Fact-Wreck: CNN Subjects Democratic Convention To ‘Reality Check’ Based On A Lie
If you’re looking for a better study in contrasts between CNN’s coverage of the Republican National Convention and the just-beginning Democratic National Convention, look no further than Out Front host Erin Burnett. In the moments following GOP running mate Paul Ryan‘s speech last week, Burnett dismissed the litany of falsehoods that she herself noted, and called his speech “Precise, clear, and passionate.”
On Tuesday night, faced with Democrats who passed fact-checking with flying colors, Burnett and Tom Foreman invented a “Reality Check” based on a lie of their own.
Convention anchor Anderson Cooper tossed to Burnett with an innocent-sounding “Let’s go to Erin Burnett and Tom Forman for a reality check.”
“A lot of things were said this evening, making fact checkers everywhere very busy,” Foreman began. “But there was one cornerstone claim of the Democrats tonight, they pounded it like a nail, that President Obama has created more than 4 million jobs since taking office.”
He then played several clips of Democrats touting the improvement in jobs numbers over the last 29 months. “So it’s clear,” Foreman said, “the claim is the President created 4.5 million new jobs since taking office.”
Well, no, that’s not what any of the speakers said in that clips package. They all quoted jobs created within the last 29 months, not “since taking office,” so Foreman and Burnett are basing their “Reality Check” on a lie that they made up.
“The problem here is not in the math,” Foreman continued. “More than 4 million jobs have been created.”
Great, so the story is that Democrats told the truth! Good news, for a change.
“What is missing here is context,” Foreman continued, and Burnett chimed in “Yes, and context is everything.”
(Needle-scratch sound effect!!!) Hold the phone. Last week, Paul Ryan delivered a speech so chock-full of falsehoods that Erin Burnett was having trouble jotting ’em all down, yet her reaction to that speech was that it was “Precise, clear, and passionate.”
But now, the Democrats grab Burnett’s and Foreman’s attention by “pounding like a nail” the fact that “our economy has gone from losing 800,000 jobs a month to adding 4.5 million private sector jobs in the last 29 months,” a claim which she admits is 100% true, and their reaction is that we need to take a blowtorch to it?
It’s unfair, and a clear double-standard, but if Erin Burnett woke up and decided to do her job yesterday, and truly place the President’s record into some sort of fair context, even that wouldn’t have been so bad. Let’s hear the context.
“Let me show everyone the math. Jobs added, private sector jobs during this administration, 4.5 million is indeed the right number,” Burnett said, again confirming the absolute truthfulness of the claim she’s challenging. “The problem is we all know there were many jobs lost. There were 5 million private sector jobs lost.”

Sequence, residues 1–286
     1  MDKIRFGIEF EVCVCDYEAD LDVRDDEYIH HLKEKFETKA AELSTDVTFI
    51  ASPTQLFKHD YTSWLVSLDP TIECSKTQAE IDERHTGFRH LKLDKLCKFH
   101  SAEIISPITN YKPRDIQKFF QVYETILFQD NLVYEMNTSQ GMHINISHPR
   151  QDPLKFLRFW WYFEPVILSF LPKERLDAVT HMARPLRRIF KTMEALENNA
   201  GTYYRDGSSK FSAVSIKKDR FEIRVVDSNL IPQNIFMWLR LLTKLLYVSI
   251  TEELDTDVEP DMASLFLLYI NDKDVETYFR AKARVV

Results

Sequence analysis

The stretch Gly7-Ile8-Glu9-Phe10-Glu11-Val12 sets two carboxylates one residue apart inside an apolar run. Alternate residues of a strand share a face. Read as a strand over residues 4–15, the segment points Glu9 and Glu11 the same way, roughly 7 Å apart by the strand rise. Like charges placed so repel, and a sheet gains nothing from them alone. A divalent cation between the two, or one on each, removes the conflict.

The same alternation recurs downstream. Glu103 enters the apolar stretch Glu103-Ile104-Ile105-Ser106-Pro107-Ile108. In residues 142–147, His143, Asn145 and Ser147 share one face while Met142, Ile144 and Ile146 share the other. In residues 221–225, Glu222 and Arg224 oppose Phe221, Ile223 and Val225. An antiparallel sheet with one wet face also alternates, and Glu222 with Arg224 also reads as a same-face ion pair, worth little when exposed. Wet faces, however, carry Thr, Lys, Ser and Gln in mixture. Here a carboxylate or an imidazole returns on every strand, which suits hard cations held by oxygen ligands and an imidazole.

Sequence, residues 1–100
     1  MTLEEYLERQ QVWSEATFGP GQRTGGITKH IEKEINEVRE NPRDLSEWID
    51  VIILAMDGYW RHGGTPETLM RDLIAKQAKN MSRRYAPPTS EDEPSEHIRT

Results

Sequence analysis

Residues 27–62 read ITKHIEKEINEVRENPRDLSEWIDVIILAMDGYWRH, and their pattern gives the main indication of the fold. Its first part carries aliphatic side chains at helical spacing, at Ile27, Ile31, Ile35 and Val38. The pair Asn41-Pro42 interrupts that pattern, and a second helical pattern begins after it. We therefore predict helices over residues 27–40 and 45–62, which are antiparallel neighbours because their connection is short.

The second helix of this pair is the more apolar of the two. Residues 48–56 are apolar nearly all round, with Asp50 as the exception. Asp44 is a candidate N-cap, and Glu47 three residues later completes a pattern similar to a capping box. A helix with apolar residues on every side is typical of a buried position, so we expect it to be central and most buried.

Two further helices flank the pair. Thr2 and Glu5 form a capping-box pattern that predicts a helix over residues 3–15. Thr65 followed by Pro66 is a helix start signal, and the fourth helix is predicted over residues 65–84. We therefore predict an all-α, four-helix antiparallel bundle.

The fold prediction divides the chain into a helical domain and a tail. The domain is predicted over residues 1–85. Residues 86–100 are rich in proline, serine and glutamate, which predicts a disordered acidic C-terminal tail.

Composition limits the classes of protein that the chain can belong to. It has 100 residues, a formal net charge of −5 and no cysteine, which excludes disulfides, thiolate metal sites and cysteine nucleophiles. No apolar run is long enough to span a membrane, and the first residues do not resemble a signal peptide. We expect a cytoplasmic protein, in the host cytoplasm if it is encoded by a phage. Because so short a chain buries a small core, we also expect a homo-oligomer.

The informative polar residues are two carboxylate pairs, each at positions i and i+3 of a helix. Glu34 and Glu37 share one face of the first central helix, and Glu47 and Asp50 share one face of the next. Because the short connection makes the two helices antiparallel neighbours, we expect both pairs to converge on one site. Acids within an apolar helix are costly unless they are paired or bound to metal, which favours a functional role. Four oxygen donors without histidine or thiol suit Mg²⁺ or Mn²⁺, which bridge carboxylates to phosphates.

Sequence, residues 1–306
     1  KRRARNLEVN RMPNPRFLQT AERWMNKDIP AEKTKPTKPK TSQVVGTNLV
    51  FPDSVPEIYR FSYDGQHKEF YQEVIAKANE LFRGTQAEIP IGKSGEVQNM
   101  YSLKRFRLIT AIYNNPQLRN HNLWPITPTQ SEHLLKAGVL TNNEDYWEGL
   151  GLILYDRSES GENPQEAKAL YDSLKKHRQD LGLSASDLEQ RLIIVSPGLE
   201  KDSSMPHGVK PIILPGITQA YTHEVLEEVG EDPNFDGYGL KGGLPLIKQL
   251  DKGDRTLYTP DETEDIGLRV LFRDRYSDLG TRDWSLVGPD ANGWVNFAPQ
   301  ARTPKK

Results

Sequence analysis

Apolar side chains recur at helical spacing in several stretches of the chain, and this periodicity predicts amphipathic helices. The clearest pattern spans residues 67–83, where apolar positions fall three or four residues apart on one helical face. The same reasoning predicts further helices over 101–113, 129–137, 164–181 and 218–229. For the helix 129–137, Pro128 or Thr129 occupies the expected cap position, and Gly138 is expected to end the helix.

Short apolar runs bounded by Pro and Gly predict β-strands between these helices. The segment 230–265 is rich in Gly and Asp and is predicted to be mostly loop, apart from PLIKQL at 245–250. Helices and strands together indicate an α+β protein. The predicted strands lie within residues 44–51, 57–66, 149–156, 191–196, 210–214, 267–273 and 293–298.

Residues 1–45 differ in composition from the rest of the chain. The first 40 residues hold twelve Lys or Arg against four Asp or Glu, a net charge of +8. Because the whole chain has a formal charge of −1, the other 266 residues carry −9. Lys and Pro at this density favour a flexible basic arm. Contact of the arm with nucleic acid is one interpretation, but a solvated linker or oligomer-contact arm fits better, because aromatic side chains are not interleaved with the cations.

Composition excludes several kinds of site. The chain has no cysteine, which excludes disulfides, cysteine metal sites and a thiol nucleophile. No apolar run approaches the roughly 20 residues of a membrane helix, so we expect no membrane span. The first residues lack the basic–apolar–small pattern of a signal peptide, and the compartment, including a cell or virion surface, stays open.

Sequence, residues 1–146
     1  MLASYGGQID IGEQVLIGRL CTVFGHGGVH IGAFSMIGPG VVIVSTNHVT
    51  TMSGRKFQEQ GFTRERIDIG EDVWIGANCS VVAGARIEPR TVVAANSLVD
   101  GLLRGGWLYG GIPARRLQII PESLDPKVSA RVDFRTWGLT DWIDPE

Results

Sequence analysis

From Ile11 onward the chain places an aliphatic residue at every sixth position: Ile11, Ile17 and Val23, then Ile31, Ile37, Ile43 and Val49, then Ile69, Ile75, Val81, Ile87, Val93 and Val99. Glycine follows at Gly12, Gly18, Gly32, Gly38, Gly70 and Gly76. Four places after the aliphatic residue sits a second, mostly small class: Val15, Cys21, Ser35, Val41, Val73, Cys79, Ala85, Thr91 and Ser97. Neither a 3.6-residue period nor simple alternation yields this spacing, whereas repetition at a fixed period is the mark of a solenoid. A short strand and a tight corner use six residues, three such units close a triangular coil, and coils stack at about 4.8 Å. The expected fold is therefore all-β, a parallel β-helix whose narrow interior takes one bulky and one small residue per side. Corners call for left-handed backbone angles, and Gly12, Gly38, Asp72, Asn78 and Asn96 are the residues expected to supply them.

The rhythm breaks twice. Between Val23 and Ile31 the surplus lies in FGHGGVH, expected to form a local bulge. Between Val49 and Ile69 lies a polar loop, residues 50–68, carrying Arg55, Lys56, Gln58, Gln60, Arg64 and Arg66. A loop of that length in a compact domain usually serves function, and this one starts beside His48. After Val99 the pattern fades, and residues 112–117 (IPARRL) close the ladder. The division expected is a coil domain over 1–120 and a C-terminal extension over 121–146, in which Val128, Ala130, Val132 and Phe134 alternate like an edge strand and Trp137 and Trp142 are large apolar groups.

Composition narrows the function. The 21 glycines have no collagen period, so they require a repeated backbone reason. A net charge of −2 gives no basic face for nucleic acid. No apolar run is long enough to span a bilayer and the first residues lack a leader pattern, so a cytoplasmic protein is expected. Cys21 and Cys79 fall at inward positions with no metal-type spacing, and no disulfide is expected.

Hold the phone, Erin. First of all, you’re not adding context. In the clips you played, the speakers make clear they’re talking about job growth over the past 29 months, and every Democrat is crystal clear about the slide into oblivion that President Obama inherited. The Democrats’ 100% accurate jobs claims are being made 100% in context.
But worse than that, it is rank dishonesty to quote that 5 million jobs lot figure, and just let it hang there. That figure includes almost a million jobs (818,000) that were lost in January of 2009, when Barack Obama didn’t even take office until Jan. 20. No fair evaluation of the President’s record would include those job losses, and indeed, Mitt Romney himself has said that it takes “at least six months or a year” for a new president to get his policies in place.
Even if you think Romney’s standard is too loose, Burnett should have, at a bare minimum, noted that the economy lost 1.5 million jobs before the Recovery Act was even signed into law, and almost four million jobs before any of it had a chance to take effect. That’s context. The viewers can decide, for themselves, how to evaluate that context, but to conceal it is willfully dishonest.
Then, Burnett nails the Democrats with another “crucial” bit of “context.”
“Rahm Emanuel said it right, he used the words ‘private sector.'” Burnett pointed out.
So, Rahm Emanuel included the proper context? Then why is your face still making noise?
Because if you include government jobs, it makes President Obama’s jobs record appear worse, even though private sector employment is the figure every news organization uses every month (despite people like me trying to get them to notice that Republican-led cuts to public sector jobs have crippled demand, and the recovery. Public sector jobs were fairly stable until the Republicans gained a 41st vote in the Senate, at which point they could block any additional aid to states for cops, firefighters, and teachers.)
There are ways to spin the President’s jobs record more positively (as Mitt Romney inadvertently has), but Erin Burnett and Tom Foreman have no duty to do that. In fact, they has a duty not to do that. However, they have an equal duty not to spin it unfairly, especially in the guise of “context” that wasn’t omitted in the first place.
It would be one thing if CNN suddenly decided to take the criticism it received last week to heart, and do a fair, thorough, real-time fact check on the Democrats. It would still be annoying that they let the Republicans slide, but at least they’d be making an honest effort to correct themselves going forward.
That’s not what happened here, though. Burnett and Foreman admit that the claim they chose to highlight is 100% accurate, but nonetheless, needed a “reality check” of “context” that was, in reality, a reading of the President’s jobs record that even a Romney campaign flack wouldn’t have the balls to make.
Here’s the clip, from CNN:
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